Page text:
Even before I saw The Help I knew it was going to be a polarising film. While some called it the best film of the year, I had also heard that the film was accused of trying to ‘glamorise’ what some African-American maids had to go through during the Civil Rights era of the early 1960s. I can’t say I know enough about it or history to make any sort of meaningful comment on that, so instead I simply approached the film as a piece of entertainment. And as such, I would say The Help worked on most levels, even though it didn’t blow me away like it did for many others.
The Help, based on the book of the same name by Kathryn Stockett, is about Skeeter (Emma Stone), a young white journalist who decides to write a book from the point of view of black maids as they work for their white bosses and look after their white children. Skeeter herself was more or less raised by a black maid, and unlike many of her peers, such as the insufferable Hilly (Bryce Dallas Howard), sees them as people rather than something a lot less. Two of the maids central to the story are Aibileen (Viola Davis) and Minny (Octavia Spencer), who are both initially reluctant to help Skeeter with her book for obvious reasons but eventually take it in their stride.
I guess it’s easy to view The Help as a “good white person saves black people” kind of movie, because to some extent, it is. Skeeter is so obviously “good” and characters like Hilly are so obviously “bad” — there’s really no middle ground. As a result, I can see why some people felt the film was trying too hard to skew audiences in one direction, as Hollywood films often tend to do.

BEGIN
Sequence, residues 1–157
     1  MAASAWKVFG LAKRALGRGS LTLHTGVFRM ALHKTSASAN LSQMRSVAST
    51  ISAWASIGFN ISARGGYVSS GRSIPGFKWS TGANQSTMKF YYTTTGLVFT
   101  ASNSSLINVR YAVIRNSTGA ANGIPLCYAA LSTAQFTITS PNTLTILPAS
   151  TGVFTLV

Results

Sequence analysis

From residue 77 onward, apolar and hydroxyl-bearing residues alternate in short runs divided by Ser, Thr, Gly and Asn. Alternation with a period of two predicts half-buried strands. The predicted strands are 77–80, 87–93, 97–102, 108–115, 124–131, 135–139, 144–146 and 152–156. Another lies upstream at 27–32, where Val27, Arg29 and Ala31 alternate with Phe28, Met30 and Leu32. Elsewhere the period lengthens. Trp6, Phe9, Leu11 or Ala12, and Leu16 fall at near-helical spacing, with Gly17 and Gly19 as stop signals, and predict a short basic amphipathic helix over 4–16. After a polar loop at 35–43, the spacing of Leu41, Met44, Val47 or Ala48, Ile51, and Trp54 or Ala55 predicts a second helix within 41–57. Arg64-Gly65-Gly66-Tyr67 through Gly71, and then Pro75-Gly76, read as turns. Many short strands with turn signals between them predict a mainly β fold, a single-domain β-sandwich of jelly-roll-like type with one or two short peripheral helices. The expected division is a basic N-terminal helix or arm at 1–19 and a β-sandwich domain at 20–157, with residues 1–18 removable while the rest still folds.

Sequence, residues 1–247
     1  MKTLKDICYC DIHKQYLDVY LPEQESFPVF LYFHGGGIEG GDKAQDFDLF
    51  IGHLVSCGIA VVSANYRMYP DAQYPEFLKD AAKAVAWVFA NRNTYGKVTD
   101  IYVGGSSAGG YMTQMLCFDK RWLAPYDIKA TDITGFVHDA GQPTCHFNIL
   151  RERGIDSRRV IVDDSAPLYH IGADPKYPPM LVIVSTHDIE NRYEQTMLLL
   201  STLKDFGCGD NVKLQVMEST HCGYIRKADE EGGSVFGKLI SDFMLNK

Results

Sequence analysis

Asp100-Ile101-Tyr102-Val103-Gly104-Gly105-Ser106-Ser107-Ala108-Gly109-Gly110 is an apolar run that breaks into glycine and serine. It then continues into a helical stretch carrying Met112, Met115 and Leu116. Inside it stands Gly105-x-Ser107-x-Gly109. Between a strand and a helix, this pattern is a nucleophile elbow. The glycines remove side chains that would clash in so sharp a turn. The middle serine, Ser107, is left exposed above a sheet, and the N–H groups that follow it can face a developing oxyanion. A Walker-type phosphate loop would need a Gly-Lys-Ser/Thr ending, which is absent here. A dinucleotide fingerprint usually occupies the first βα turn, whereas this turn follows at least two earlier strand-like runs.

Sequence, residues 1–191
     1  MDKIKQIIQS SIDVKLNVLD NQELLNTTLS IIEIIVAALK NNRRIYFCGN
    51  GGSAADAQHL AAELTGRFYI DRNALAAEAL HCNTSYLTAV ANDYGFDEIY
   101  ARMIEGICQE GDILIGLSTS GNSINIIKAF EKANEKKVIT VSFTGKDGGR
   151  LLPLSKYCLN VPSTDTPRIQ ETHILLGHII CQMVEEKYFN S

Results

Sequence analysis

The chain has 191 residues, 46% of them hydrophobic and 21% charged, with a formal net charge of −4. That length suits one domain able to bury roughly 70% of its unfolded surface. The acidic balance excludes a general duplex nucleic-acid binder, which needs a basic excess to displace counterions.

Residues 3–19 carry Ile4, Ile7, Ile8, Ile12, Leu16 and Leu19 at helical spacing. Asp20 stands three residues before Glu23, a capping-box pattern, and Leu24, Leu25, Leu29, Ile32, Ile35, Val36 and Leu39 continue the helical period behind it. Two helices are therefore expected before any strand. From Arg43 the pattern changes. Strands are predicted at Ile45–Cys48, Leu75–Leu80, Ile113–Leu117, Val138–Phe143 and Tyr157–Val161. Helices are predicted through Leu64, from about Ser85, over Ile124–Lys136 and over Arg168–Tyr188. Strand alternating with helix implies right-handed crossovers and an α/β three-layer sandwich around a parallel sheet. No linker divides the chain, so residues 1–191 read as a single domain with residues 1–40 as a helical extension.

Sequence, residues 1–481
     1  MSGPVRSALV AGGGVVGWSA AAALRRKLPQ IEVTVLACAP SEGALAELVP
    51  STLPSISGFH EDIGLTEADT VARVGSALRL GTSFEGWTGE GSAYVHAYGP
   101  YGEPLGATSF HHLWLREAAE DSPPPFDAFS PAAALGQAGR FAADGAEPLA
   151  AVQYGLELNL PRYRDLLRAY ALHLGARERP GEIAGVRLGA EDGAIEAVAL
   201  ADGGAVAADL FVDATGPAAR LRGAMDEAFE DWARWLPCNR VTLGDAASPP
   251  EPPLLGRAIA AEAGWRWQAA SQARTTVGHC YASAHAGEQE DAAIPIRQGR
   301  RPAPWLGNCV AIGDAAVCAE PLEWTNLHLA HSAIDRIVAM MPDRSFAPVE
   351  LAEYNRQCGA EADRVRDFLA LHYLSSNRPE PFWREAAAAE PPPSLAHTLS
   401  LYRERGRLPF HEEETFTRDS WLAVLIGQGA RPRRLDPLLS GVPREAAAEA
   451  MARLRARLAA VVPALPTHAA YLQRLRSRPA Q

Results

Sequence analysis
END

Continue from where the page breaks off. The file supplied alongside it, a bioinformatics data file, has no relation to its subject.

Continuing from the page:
However, what prevents it from being more than merely a melodramatic feel-good movie aimed at making white people feel better about themselves are the awesome performances from Davis and Spencer, both of whom received worthy Oscar nominations. Spencer, who won the best support actress gong, was especially brilliant and stole the show as the outspoken Minny. By making the film more about these extremely strong black characters rather than Skeeter, The Help ended up being a lot more entertaining and touching than I initially expected, without making me feel like I was being over-manipulated.
Also unexpectedly good was fellow best supporting actress nominee Jessica Chastain, playing the outcast Celia, who gave the film a different dimension with her affable naivete and sweetness. This is the type of film that would have been a complete flop had it not been for the strong ensemble cast. Full credit has to go to director and screenwriter Tate Taylor (who adapted the book) for eliciting such solid performances and penning an adaptation that utilises humour so well. Yes, although it tackles some serious themes, The Help comes across as generally quite light-hearted and contains plenty of funny moments.
At the end of the day, while it does oversimplify the situation a little (or a lot, depending on your point of view), I found The Help to be an entertaining feel-good film that generated exactly the type of emotions I expected it would. It’s not perfect and it’s not the type of film that usually appeals to me, but I think it’s a little unfair that the film is being criticised for not being certain things when it probably never intended to be those things in the first place.
3.5 stars out of 5!